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Postcolonial Archipelagos

Essays on Hispanic Caribbean and Lusophone African Fiction

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Kristian Van Haesendonck

Writers from different postcolonial regions are usually classified according to their different nationalities or linguistic areas, and have rarely been brought together in one volume. Moving in a new direction, Postcolonial Archipelagos crosses not only geographical but also linguistic boundaries, by focusing on two contexts which seemingly have little or nothing in common with one another: the Hispanic Caribbean, and Lusophone Africa. Kristian Van Haesendonck thus opens new ground, in two ways: first, by making connections between contemporary Caribbean and African writers, moving beyond the topos of slavery and negritude in order to analyse the (im)possibility of conviviality in postcolonial cultures; and secondly, by exploring new ways of approaching these literatures as postcolonial archipelagic configurations with historical links to their respective metropoles, yet also as elements of what Glissant and Hannerz have respectively called "Tout-Monde" and a "world in creolization". Although the focus is on writers from Lusophone Africa (Mia Couto, José Luis Mendonça and Guilherme Mendes da Silva) and the Hispanic Caribbean (Junot Díaz, Eduardo Lalo, Marta Aponte, James Stevens-Arce and Edgardo Rodríguez Juliá), connections are made with and within the broader global context of intensified globalization.

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Chapter 1. The Archipelagic: A Brief Assembly Manual

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Chapter 1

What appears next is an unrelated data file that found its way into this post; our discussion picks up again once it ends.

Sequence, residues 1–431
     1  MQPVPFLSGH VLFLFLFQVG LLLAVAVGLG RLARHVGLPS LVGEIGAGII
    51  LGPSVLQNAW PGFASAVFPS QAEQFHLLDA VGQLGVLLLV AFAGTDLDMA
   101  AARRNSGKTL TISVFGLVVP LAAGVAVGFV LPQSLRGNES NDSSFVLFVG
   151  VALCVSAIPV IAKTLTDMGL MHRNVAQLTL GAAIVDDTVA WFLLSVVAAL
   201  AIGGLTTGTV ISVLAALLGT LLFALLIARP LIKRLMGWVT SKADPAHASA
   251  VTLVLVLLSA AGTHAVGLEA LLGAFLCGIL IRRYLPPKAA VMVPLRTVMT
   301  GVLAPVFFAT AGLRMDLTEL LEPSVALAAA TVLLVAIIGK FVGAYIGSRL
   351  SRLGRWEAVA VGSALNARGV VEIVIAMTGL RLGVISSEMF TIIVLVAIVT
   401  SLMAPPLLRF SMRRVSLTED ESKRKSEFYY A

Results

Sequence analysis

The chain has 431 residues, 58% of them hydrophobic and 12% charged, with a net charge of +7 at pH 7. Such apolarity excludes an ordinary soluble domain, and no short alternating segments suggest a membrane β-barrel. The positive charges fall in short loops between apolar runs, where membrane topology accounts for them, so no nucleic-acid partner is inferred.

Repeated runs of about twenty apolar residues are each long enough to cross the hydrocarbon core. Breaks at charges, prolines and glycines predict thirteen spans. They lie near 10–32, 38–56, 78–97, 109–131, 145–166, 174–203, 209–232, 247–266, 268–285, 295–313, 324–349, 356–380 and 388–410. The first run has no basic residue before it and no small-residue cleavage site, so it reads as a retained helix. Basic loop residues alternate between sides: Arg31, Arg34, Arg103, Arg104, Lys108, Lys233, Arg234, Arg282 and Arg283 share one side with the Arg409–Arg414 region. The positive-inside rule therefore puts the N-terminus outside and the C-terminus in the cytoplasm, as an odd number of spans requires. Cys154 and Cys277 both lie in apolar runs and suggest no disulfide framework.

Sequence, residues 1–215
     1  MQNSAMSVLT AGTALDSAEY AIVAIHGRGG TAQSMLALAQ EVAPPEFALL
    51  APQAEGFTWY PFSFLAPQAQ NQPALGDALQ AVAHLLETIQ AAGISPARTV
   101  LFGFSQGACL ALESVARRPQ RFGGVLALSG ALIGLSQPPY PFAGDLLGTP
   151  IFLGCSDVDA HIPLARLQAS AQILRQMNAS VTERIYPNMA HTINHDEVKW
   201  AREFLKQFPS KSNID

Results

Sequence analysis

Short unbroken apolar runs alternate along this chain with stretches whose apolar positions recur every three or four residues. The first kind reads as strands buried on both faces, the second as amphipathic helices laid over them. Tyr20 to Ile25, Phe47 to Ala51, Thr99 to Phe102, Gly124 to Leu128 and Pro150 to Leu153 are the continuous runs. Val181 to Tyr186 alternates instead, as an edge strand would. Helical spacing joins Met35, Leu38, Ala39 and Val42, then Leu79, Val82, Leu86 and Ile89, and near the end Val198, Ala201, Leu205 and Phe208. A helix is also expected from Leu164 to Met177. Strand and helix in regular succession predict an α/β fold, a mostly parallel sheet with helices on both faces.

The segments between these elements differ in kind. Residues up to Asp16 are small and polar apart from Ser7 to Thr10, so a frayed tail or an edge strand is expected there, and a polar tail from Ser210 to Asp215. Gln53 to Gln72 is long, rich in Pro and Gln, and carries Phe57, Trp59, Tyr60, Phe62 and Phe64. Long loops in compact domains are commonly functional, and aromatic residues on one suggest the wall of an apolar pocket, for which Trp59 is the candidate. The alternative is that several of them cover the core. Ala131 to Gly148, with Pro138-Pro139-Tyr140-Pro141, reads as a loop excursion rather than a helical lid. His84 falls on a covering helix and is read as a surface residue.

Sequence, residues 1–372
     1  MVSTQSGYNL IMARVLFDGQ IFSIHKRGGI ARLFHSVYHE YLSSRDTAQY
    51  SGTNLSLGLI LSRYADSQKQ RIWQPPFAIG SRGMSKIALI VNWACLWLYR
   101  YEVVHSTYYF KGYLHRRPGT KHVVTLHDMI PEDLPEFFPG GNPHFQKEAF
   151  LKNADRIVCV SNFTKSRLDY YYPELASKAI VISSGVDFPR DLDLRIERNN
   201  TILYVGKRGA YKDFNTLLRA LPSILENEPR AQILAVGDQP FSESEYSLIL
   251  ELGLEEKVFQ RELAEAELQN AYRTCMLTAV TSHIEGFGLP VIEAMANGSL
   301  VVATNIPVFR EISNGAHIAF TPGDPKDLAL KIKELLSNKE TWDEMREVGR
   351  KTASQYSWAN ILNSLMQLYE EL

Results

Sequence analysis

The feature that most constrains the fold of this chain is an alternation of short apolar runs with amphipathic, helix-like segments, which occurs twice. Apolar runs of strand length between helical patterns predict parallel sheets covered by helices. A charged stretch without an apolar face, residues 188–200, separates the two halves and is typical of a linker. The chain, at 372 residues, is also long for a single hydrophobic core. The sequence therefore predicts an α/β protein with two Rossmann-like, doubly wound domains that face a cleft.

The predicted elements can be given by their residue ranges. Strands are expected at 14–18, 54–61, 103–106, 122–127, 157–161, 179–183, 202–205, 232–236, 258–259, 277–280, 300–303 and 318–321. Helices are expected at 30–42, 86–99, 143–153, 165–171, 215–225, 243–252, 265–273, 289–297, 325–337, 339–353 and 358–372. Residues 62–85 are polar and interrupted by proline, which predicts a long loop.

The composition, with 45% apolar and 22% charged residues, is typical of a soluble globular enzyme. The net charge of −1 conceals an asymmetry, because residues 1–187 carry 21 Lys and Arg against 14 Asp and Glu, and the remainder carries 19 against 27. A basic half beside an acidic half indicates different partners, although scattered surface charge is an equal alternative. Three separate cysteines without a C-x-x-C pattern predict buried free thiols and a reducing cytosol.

The Archipelagic: A Brief Assembly Manual

New ideas go through a trinity of stages. First they are ridiculed, next they are fought, and lastly they are institutionalized, taken for granted and trivialized. (Joan Ramón Resina)

Caribbean cultures are often seen as by definition creolized, that is, the result of an intense process of cultural mixing known as creolization. While the term has much less been used in the African context, creolization has been happening on the continent as well, yet to a much more limited extent. Groups of islands, as we can find in the Caribbean archipelago, an important part of the Caribbean basin often referred to as the “Antilles”, have historically been hot-spots of creolization, both linguistically and culturally. As a result, they have been naturally more open to cultural influences than other regions worldwide. However, with globalization becoming increasingly intense over the past decades, cultural mixing is arguably taking place within other places and regions around the world, which resemble geographical “archipelagos” in their specific status of being in between islands and continents. The anthropologist James Clifford once stated that “we are all Caribbean now in our urban archipelagos […] Perhaps there’s no return to a native land – only field notes for its reinvention” (Clifford 1988: 173), pointing towards the present global interdependency of Western life, as well as to the impossibility of making essentialist claims on cultural purity. Whether one disagrees or not with the label “urban” in Clifford’s...

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